EasyJet CEO: ‘If you are not good with customers you will never make as much profit as you should’

EasyJet CEO’s Carolyn McCall believes that any company interested in building a business for the long-term rather than short-term profitability should be focused on customer service and meeting customer expectations.

EasyJet

Speaking at the Fortune Most Powerful Women Summit in London yesterday (15 June) she said other airlines that don’t offer good customer service aren’t as profitable as they should be. She said customers are looking for airlines that “make things easy for them, are there when things go wrong and can be trusted to ensure passengers are safe and taken care of”.

“I believe if you are not good with customers you will never be as good, never make as much profit, as you should because actually they have a choice and they will always choose someone who is nice to them.

“That trust with customers is vitally important and you can lose it very quickly and it takes quite a long time to regain,” she said.

She admitted that one of the problems when she joined EasyJet in 2010 was that it had lost customer trust because it wasn’t punctual, reliable or efficient, hence why she focused on the operations side when she first joined.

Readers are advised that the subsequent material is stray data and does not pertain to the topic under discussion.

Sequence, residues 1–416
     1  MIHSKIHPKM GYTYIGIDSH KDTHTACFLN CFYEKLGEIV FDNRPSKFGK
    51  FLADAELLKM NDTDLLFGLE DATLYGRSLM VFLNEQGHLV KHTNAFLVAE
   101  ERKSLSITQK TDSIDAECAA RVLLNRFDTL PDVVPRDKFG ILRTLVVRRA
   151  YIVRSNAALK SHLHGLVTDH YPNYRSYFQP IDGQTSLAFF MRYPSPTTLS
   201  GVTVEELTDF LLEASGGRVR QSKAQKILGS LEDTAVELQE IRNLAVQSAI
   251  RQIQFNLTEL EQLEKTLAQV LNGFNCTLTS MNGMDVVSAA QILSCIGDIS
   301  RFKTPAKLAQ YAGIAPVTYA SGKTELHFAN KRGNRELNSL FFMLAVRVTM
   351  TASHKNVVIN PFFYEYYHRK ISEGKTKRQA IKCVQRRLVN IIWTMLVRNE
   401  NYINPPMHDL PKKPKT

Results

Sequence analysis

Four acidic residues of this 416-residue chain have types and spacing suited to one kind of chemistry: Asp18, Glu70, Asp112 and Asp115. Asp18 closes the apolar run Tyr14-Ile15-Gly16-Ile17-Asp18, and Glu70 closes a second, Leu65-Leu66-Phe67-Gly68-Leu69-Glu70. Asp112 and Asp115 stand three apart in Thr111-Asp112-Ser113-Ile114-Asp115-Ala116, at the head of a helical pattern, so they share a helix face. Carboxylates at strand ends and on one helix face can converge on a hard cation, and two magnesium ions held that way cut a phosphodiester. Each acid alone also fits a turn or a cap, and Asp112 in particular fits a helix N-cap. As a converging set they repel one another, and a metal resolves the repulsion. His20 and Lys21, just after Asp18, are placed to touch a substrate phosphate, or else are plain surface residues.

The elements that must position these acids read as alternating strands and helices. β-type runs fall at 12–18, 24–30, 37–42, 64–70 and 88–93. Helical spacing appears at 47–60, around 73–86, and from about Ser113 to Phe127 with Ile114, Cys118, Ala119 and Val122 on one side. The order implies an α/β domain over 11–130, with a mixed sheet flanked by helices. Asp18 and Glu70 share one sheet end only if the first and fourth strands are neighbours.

“You are trying to make itself as efficient as possible so that when something goes wrong, as it will, you are able to recover quickly, get crew out quickly, make it as invisible to the passenger as it is possible to be,” she said.

She admitted that EasyJet doesn’t offer “gold plated” customer service but said that as long as it can meet customer expectations it will continue to see growth.

“Customer care doesn’t have to be gold plated. I don’t think anyone expects EasyJet to be gold plated. They expect you to be friendly, helpful and to get you to places on time and efficiently. They don’t expect anything else so if we can deliver that expectation they will always come back to us,” she said.

European aviation changing

McCall believes European aviation is changing, with the carriers that can offer low fares, good service and good networks set to be the winners.

“[Legacy carriers] can’t sustain what they do in short haul. They have fantastic businesses in long haul and that is where their focus will lead. It will not be about short haul aviation.”

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